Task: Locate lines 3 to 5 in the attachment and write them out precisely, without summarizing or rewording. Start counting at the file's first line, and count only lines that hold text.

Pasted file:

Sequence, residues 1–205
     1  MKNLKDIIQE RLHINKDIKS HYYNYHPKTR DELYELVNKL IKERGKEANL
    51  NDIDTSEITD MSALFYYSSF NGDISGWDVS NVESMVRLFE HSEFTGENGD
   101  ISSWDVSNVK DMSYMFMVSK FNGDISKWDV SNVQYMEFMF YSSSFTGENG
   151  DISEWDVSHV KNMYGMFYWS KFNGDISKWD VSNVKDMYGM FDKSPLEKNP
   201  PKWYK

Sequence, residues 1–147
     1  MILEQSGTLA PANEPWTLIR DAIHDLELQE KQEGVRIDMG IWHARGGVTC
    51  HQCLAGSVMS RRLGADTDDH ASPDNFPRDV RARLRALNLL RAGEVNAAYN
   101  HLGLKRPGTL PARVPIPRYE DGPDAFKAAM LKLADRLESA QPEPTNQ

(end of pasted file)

    51  NDIDTSEITD MSALFYYSSF NGDISGWDVS NVESMVRLFE HSEFTGENGD
   101  ISSWDVSNVK DMSYMFMVSK FNGDISKWDV SNVQYMEFMF YSSSFTGENG
   151  DISEWDVSHV KNMYGMFYWS KFNGDISKWD VSNVKDMYGM FDKSPLEKNP